Hong Kong conservationists yesterday expressed outrage after images of a factory rooftop covered in thousands of freshly sliced shark fins emerged, as they called for curbs on the “barbaric” trade.
The Chinese territory is one of the world’s biggest markets for shark fins, which are used to make soup that is an expensive staple at Chinese banquets and viewed by many Asians as a rare delicacy.
Activist Gary Stokes, who has visited the site, estimated there were 15,000 to 20,000 fins being laid to dry on the rooftop in Hong Kong ahead of an anticipated surge in demand over Lunar New Year next month.
“This is shocking,” said Stokes, the Hong Kong coordinator for conservation group Sea Shepherd, adding that it was the first time he had spotted such a massive hoarding of shark fins in one place in the Asian financial hub.
“This is the most graphic, brutal and barbaric part of the industry — the element of chopping a shark’s fin off and throwing it back into the water is horrific and inhumane,” he said.
Stokes believed the large amount of shark fins were destined for China, and that traders moved to dry the shark fins on secluded rooftops instead of sidewalks — as they had done in the past — to avoid public anger.
Campaigns against consuming shark fins have gained ground in Hong Kong in recent years, after major hotel chains decided to drop the soup from menus, and home carrier Cathay Pacific said in September it would stop carrying unsustainable sourced shark products on its cargo flights.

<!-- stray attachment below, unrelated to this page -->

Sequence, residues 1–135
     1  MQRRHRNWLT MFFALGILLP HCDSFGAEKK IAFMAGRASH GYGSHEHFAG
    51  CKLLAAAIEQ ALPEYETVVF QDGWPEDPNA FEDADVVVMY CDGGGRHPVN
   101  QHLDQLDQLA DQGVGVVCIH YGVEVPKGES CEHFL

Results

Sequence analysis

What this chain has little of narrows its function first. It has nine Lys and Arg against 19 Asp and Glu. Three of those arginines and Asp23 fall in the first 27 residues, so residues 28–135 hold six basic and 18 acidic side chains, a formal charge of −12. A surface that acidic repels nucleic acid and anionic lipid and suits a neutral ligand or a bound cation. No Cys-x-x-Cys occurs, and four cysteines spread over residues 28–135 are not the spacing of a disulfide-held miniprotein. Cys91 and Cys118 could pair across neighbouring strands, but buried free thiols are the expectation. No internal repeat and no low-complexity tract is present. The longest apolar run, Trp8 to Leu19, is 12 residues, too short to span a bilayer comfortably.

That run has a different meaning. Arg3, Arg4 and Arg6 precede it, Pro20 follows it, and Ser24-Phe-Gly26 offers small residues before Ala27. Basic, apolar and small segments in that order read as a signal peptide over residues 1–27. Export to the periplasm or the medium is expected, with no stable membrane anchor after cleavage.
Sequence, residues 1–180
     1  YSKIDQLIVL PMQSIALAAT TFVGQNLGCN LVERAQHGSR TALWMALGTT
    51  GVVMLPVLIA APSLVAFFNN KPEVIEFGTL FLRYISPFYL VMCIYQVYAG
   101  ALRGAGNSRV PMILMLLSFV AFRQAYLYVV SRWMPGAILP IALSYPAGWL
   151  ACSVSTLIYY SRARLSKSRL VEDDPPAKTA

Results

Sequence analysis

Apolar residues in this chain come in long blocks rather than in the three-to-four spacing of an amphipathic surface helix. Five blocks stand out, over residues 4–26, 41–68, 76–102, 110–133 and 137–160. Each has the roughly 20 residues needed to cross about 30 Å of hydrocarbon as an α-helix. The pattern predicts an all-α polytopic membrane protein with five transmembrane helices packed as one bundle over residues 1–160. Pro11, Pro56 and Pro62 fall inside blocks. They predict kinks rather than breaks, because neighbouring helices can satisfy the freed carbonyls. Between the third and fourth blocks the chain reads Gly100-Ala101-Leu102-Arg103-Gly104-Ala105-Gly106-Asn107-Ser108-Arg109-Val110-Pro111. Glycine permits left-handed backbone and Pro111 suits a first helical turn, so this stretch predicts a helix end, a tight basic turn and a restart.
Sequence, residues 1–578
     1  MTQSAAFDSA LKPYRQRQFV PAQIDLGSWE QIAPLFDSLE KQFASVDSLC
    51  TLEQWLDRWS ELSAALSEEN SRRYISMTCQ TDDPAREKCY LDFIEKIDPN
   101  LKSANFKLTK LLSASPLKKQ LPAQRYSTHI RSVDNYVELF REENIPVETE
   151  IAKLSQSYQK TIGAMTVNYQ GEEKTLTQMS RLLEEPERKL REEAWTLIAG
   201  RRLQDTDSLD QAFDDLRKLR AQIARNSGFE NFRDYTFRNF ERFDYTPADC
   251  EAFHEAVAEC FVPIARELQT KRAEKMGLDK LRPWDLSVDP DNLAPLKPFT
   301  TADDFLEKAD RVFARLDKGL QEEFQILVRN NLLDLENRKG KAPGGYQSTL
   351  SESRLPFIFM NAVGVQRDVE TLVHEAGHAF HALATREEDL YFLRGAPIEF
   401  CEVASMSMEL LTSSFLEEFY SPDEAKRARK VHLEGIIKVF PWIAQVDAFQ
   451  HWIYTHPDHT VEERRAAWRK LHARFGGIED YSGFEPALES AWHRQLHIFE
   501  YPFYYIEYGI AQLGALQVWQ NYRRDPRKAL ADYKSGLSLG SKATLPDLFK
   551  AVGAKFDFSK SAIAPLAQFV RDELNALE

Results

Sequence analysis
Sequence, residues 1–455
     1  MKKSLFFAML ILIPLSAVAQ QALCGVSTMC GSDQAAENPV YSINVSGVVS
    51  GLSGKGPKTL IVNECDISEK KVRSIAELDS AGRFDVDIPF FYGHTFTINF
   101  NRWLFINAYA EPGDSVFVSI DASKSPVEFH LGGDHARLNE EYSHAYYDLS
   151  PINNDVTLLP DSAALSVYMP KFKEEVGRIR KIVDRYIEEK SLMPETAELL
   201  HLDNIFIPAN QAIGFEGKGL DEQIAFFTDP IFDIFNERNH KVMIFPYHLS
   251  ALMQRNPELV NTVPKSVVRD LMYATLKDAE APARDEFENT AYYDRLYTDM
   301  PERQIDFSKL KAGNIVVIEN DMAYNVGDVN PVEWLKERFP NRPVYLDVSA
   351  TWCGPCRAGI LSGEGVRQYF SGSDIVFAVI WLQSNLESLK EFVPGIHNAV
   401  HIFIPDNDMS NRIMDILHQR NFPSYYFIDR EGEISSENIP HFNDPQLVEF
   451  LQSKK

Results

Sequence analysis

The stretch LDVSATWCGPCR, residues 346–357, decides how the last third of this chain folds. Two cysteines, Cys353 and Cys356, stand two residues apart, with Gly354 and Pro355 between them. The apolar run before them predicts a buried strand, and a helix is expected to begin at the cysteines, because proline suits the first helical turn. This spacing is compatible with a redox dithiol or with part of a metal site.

“The demand in Hong Kong is definitely decreasing, but unfortunately the demand in China is growing,” Stokes said.
“As long as there is no protection for the sharks, the [demand] will just keep going on and on,” he added, urging Hong Kong authorities to ban the trade.
Environmentalists say the sustainable shark fin industry is tiny and most of the products are harvested in a way that threatens scores of shark species deemed vital for healthy oceans.
About 73 million sharks are killed every year, with Hong Kong importing about 10,000 tonnes annually for the past decade, the environmental group WWF said. Most of those fins are then exported to mainland China.
The number of threatened shark species has soared from 15 in 1996 to more than 180 in 2010, mainly due to the growing Chinese demand for fins.